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How to Make a cup of tea

Brewing the perfect cup of tea doesn't have to be a mystery.

When out at a café or tearoom, you may ask yourself, "Why doesn't my tea taste this good at home?" With a few basic tools and guidance on how to make a proper cup of tea, you'll be steeping a delicious cuppa every time. Let us help you take the guesswork out of your brew.

In summary, it's all about the tea, the water, the temperature, and the environment. If you're looking for a quick basic guide on how to make good tea, please check out our Tea Brewing Guides.

Choosing the right tea

The perfect brew starts with the right tea leaves. There are three main elements to remember: Quality, Freshness, and leaf size.

Making sure you have high-quality tea from a reputable source will ensure the most delicious and best cup of tea. Unless you are purchasing deliberately aged tea, be sure your tea is fresh and stored in a cool, dry area away from strong smells. This is especially important for green.

Finally, consider the size of your leaf. Using crushed-up leaves in tea bags is convenient, but sticking with full, loose-leaf tea will help you extract more tea flavors for a memorable cup.

Keep in mind: A bigger leaf doesn't always mean a higher-quality tea. Some tea leaves are naturally small, and others can be rolled into small ball-shaped leaves.

So be sure to take the tea type and processing style into consideration. To learn more about tea types and leaf sizes, check out our blog posts on tea education.

Getting the Right Ratio

You have the right tea, and now you need the right amount of leaf for your brew. Using too much tea will create a bitter and undrinkable brew. Using too little tea will create a weak, flat cup.

As a rule, we use 6 grams of tea for 1 cup of boiled water.

Using the Best Water

Good tea starts with good water. If you don't drink the water straight from your tap, don't use tap water for your tea! We recommend always using filtered water or spring water if available. You will let the pure tea taste shine through. Bottled water is also a good choice.

Mastering Tea Temperature

Tea temperature can be challenging. Each tea type, from green tea to black tea, requires different water temperatures. A variable-temperature electric kettle or thermometer can be an extremely useful tool. If you use the wrong temperature, your tea can become too bitter or not extract enough flavor.

To make sure you have it just right, check out our post on how to brew loose-leaf tea.

Keep in mind: A variable temperature electric kettle or thermometer can be an extremely useful tool to make sure you are getting the right water temperature.

Choosing the Right Gear

You don't need fancy teaware to make a perfect cup of tea, but you need something large enough to let your loose leaves unfurl in the hot water. You can use a glass or clay teapot, a mug, or cup of the right size. Just make sure it's large enough for the leaves to open and steep properly.

When it's time to pour the tea, removing the leaves after the proper steep time is key. Using an infuser basket to easily remove the tea bag or loose leaves could also be helpful. Or, simply pour out the entire brew into a separate cup once it's ready. Just don't let the leaves sit in the water for too long, unless you drink your tea grandpa-style.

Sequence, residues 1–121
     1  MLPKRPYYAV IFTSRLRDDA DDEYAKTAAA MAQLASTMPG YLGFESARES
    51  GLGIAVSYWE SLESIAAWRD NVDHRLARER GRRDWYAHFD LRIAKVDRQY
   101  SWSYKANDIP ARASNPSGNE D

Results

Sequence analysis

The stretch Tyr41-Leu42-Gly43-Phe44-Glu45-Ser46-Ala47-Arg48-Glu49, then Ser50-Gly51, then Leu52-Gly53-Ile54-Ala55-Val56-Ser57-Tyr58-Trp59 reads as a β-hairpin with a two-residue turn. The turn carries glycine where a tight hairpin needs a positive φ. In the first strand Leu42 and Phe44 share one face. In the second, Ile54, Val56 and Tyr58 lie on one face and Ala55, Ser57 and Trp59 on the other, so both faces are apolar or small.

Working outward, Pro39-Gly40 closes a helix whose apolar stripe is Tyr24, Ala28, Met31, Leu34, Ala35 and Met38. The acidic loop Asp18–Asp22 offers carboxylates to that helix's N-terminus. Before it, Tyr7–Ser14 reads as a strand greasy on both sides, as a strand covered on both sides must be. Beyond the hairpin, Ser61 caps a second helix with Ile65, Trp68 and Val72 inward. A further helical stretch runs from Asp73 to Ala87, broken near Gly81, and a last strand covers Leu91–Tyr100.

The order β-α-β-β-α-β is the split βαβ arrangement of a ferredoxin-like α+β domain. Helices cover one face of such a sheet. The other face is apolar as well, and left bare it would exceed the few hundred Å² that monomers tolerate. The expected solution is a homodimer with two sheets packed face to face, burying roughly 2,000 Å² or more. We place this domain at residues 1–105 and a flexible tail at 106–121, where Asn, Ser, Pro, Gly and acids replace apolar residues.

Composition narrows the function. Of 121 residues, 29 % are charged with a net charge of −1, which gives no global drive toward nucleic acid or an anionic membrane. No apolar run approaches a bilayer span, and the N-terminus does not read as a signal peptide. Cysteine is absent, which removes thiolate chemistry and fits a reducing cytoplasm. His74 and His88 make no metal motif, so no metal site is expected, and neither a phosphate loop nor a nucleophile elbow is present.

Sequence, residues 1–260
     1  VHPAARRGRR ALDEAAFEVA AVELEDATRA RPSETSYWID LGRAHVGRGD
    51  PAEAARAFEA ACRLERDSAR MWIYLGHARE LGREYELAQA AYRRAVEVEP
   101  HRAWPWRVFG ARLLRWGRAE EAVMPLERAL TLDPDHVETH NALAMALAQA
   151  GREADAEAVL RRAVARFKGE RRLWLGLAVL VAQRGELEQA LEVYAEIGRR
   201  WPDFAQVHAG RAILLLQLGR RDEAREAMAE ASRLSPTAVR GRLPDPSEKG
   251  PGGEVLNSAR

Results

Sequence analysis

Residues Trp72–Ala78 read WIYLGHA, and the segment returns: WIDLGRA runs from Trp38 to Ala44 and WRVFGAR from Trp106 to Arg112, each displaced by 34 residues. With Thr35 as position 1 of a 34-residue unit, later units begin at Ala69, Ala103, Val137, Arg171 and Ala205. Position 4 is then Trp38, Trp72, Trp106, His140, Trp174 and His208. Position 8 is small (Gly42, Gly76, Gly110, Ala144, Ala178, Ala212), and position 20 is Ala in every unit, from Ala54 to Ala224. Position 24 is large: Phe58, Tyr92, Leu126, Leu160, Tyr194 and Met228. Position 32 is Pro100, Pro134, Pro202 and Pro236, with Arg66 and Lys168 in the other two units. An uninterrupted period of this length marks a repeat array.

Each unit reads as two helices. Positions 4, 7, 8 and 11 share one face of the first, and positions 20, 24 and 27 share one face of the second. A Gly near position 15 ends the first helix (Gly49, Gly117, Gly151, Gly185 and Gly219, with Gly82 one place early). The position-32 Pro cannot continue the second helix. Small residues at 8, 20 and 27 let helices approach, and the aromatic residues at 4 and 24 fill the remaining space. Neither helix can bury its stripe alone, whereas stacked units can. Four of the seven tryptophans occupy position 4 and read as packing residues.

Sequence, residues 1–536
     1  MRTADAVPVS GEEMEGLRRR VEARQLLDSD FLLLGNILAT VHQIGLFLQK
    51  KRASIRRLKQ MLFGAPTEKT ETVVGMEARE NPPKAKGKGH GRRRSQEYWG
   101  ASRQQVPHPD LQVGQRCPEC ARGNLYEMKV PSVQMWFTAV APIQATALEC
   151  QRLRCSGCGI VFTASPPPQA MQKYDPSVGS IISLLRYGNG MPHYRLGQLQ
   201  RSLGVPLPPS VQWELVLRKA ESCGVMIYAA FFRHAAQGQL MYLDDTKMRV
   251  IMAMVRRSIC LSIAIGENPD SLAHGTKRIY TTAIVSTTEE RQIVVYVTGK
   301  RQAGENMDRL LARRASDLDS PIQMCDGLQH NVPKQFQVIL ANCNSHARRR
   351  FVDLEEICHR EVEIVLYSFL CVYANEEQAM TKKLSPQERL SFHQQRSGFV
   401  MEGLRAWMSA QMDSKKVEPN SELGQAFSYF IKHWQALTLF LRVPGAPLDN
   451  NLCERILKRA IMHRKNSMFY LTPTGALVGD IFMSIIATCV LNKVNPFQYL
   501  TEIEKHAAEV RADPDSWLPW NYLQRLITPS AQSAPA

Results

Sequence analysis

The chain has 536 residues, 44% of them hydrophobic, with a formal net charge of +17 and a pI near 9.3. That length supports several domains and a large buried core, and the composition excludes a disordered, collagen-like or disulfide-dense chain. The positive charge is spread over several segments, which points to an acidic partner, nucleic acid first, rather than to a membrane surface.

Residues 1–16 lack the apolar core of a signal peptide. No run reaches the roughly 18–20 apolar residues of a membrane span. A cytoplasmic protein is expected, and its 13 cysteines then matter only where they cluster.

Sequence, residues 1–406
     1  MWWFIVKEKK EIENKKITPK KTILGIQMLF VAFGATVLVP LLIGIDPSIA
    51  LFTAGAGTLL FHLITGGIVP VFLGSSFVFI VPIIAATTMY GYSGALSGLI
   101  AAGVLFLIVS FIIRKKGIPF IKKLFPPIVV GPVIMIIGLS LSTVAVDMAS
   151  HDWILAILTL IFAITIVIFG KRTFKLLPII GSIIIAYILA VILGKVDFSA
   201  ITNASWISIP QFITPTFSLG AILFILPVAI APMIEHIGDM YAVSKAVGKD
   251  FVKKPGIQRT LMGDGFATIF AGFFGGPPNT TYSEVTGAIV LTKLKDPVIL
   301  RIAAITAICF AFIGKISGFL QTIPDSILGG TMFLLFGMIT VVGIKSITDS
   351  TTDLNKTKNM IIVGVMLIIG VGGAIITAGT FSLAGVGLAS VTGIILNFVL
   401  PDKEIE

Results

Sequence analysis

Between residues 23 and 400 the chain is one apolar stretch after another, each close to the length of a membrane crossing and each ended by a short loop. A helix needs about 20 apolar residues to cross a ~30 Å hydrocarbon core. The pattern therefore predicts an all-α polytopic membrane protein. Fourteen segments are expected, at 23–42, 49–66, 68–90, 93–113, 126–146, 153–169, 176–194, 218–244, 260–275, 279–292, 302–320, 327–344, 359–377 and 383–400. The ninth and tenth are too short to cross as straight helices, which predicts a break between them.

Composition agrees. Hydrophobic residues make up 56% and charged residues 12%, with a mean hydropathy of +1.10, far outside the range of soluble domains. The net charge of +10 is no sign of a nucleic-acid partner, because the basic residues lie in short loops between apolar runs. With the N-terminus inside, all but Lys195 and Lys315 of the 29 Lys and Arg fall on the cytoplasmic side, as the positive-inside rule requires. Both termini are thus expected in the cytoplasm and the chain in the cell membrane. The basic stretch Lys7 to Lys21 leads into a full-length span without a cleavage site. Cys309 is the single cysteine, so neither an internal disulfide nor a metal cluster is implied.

Keep in mind: Warming the vessel before you steep your tea helps maintain the perfect brewing temperature.

Setting the Stage

What we deem as one of the most important points in achieving a delicious cup of tea is the environment. Paying attention to your setting will help your tea taste better. Drinking a vintage oolong while listening to Blossom Dearie will most likely taste different than drinking the same tea with backstreet boys full blast.

Hot Tea or Iced Tea

For hot tea, remember to warm the vessel before steeping your tea to maintain the perfect brewing temperature. If you prefer iced tea, you can either brew your tea hot and let it cool down before refrigerating or use the cold brew method to extract unique tea flavors.

Mood and time of day

You may want a more robust brew in the morning, so brewing an herbal tea or a lightly caffeinated tea in the morning may not satisfy your craving. Saving those herbals for after-dinner may provide a nice way to unwind after a busy day. Much of it is personal preference, and if you’re still stumped on what type of tea to choose, take our tea quiz, to find the right tea for you.


If it’s very warm outside, you may want a cold brew or iced tea. Or if it’s chilly, a roasted, warming tea may be more appropriate. When selecting your tea, listen to your body and how it’s reacting to the weather.


Getting ready for an afternoon tea but you are in a noisy environment? Perhaps moving away from the window would help. Playing music you enjoy will also help with your tea experience.

Keep It Simple

Making the perfect tea, be it hot tea or iced tea, is easy with just a few tips and tools. Tea leaves are forgiving, and it's important to play around with your leaves and hot water ratio to see what you like best. Just a little time and attention will ensure a delicious brew every time.

In conclusion, learning how to make the best tea doesn't have to be a complex process. From choosing the right tea leaves to using delicious water and proper brewing techniques, your journey toward a perfect tea experience is within reach.

Whether you're a fan of green tea, black tea, or any other variety, the art of tea brewing is all about finding the right balance that caters to your personal preference.

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